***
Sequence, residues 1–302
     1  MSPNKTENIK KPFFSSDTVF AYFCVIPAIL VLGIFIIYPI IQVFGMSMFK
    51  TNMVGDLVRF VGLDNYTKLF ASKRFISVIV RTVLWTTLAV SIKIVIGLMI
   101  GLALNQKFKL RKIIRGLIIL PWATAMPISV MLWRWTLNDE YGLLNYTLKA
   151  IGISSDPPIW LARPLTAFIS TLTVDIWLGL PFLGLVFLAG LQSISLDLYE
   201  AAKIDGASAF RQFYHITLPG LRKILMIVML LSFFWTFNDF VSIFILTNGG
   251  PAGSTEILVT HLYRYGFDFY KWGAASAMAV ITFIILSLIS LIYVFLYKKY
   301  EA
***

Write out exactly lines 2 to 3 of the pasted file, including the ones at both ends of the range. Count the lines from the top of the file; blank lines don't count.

     1  MSPNKTENIK KPFFSSDTVF AYFCVIPAIL VLGIFIIYPI IQVFGMSMFK
    51  TNMVGDLVRF VGLDNYTKLF ASKRFISVIV RTVLWTTLAV SIKIVIGLMI